Finding a shark fishing location isn’t really all that hard. All you need is a little sand and a lot of water. The two most popular states to shark fish in are Florida and Texas since they have loads of both. They also have a lot more sharks along their coasts than other states, but that’s not so say that South Carolina, North Carolina, and all the way up to New Jersey don’t have their share of shark. Florida leads the nation in shark bites because there are more sharks per capita than anywhere else, BUT just remember you’re more likely to get struck by lightning than you are to get bitten by a shark.
As with all types of fishing you really have to go where the shark bait is. I was a weekend shark fisher so I was always having to catch my bait before I actually started fishing for sharks. If it took me 3 hours to catch bait the morale was low. Finding a beach near an inlet or by some sort of structure can do wonders for bait and sharks. Also find a power plant near the water. Power plants tend to cool their reactors with the ocean water and pump the warm water back into the ocean. The outlets are usually several hundred feet offshore but the bait and shark fishing is second to none. That’s why I drove 3 hours to fish in the Jensen Beach area.
One word of caution when it comes to finding your perfect shark fishing location. Fishing for sharks when there are 100 people around is a bad idea. Find a beach that doesn’t get a lot of traffic. If you do have to fish in a very populated area my suggestion would to be fish early in the morning or in the evening when the majority of people have left the water. The first time your line burns a little kid because a 6′ blacktip made a screaming run on you, you’ll thank me. If the shark you hook up with is larger than the tackle you’ll probably end up several hundred yards down the beach.
This next section of the shark fishing guide is really going to be work in progress since I’ve not fished in all the different areas of the country. If you are interested in contributing please contact me.
Florida Shark Fishing
I shark fished for nearly 5 years in the Central Florida area. This would include the Ormond Beach, Daytona Beach, and Cocoa Beach areas. I also checked out Monster Hole at Sebastian Inlet. Occasionally I would drive about 3 hours south to the Jensen Beach / Juno Beach area in hopes to hook up with a bull, tiger, or lemon shark. Unfortunately I wasn’t that lucky. It is also rumored that shark fishing in Key West is some of the best around. I’ve read stories of the great hammerheads tearing a 200lb tarpon to pieces.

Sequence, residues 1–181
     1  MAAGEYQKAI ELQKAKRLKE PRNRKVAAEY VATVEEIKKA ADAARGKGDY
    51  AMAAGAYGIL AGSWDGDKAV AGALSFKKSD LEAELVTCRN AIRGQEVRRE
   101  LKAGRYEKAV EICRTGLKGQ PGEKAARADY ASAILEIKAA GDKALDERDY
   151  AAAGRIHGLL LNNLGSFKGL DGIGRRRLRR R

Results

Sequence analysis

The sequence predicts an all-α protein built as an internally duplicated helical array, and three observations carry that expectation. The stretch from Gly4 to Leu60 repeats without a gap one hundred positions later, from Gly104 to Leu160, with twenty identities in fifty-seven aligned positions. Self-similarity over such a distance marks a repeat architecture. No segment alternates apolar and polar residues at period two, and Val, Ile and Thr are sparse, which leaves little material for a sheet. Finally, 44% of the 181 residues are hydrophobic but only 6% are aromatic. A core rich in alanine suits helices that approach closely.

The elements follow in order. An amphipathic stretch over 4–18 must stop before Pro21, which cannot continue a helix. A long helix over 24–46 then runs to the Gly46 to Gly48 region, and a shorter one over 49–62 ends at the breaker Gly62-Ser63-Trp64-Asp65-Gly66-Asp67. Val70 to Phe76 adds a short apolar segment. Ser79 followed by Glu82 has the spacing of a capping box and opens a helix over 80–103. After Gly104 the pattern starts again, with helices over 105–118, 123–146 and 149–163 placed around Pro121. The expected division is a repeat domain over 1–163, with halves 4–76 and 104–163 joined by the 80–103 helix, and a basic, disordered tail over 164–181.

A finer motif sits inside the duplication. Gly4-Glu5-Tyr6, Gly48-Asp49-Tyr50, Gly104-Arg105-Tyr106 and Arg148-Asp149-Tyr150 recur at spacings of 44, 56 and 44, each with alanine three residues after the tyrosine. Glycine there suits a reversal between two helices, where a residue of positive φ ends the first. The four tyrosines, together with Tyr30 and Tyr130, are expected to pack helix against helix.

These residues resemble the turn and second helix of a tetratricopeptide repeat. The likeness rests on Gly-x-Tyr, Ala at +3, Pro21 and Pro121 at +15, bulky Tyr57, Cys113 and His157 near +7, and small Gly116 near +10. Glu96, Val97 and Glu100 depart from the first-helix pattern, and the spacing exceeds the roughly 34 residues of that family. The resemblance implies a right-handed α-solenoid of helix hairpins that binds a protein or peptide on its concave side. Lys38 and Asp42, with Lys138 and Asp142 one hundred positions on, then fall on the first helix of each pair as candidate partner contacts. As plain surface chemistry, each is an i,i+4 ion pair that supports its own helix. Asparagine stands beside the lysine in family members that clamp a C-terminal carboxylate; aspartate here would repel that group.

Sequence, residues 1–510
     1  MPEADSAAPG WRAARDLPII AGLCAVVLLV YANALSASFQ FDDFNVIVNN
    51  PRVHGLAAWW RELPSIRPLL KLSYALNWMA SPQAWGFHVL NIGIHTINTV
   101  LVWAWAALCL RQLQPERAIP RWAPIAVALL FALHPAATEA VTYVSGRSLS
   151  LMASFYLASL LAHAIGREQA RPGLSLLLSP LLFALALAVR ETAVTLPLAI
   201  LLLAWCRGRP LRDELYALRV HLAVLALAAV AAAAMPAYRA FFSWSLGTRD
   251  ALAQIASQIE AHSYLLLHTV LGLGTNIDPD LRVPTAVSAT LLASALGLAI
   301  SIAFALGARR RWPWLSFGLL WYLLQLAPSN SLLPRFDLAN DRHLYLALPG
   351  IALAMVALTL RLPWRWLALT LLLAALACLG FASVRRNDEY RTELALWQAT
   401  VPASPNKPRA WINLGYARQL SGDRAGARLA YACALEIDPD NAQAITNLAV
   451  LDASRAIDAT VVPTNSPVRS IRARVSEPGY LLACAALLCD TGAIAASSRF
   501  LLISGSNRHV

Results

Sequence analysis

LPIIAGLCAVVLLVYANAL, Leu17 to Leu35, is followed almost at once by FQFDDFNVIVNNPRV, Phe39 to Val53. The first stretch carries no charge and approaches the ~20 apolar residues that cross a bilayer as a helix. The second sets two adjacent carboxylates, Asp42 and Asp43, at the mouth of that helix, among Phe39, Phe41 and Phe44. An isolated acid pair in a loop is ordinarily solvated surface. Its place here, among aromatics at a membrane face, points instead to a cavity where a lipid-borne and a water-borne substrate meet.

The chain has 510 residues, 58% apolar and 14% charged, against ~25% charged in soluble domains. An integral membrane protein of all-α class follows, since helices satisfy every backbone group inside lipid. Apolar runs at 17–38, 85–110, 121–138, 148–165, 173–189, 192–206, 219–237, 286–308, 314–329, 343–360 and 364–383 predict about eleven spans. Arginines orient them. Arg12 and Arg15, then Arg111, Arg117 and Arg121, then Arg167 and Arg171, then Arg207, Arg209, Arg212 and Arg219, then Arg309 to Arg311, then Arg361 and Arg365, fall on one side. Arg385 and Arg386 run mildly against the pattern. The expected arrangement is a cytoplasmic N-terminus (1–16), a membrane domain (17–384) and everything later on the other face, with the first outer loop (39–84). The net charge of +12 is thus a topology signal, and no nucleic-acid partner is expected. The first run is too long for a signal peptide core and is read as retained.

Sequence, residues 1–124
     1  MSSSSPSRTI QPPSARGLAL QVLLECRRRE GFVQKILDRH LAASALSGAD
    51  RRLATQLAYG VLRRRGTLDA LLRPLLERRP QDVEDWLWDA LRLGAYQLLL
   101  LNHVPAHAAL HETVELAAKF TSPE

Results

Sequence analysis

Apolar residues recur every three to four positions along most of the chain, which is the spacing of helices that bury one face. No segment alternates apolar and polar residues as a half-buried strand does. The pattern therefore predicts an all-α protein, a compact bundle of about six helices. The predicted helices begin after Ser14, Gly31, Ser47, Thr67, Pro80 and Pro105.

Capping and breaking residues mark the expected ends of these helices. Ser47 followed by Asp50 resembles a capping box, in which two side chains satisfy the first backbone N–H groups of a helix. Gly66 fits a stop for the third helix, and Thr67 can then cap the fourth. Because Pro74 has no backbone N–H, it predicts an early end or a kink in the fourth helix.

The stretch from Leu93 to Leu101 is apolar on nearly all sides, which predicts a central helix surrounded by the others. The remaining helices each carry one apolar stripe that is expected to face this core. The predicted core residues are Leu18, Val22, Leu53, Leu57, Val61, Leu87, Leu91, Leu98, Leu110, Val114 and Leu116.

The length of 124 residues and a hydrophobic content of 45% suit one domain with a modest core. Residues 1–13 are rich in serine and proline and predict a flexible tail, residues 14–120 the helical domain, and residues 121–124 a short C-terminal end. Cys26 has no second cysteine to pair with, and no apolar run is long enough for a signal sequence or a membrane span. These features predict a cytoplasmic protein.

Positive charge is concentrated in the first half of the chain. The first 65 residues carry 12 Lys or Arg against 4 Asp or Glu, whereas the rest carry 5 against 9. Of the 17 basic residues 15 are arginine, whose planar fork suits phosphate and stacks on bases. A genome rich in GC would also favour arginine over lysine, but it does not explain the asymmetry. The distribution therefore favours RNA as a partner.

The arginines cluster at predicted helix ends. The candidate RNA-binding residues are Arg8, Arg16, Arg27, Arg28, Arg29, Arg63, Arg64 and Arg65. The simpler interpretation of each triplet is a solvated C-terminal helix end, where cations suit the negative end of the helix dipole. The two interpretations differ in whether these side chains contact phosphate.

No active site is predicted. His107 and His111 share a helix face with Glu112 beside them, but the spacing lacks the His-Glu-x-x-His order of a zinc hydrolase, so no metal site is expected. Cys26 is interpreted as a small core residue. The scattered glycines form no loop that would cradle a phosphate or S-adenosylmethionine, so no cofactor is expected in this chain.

If I had to make a suggestion on the best Florida shark fishing location I would recommend Ormond Beach. This beach is great for shark fishing because hardly anyone visits and fisherman own the beach in the morning. This is the beach where I caught my first 6′ blacktip and kayaked through a huge school of tarpon. Canaveral National Seashore (CNS) is also a great option for shark fishing as it is also not very populated. You’ll have to pay a $5 fee to get into the park, but you get restroom facilities. Also make sure you check the space shuttle launch schedule as the park is closed when it’s on the pad. I personally haven’t had much luck here, but have read many fishing reports saying that sharks frequent these waters.
Texas Shark Fishing
This is one of those sections where I could really use some help. What I do know is that the Galveston shark fishing is down right addictive. There are several Texas shark fishing charter captains out there who target sharks. Also the Padre Island National Seashore (PINS) is home of some of the greatest Texas shark fishing I’ve ever seen. Just check out my Best Shark Fishing Picture EVER post to see just exactly what I’m talking about.
Shark Fishing up North
If you fish up north in the Montauk or New Jersey areas and would like to contribute please contact me.
Have a tip or see something I missed? Want to ask a question? Just drop a quick comment below and I get back to you before your next big shark fishing trip.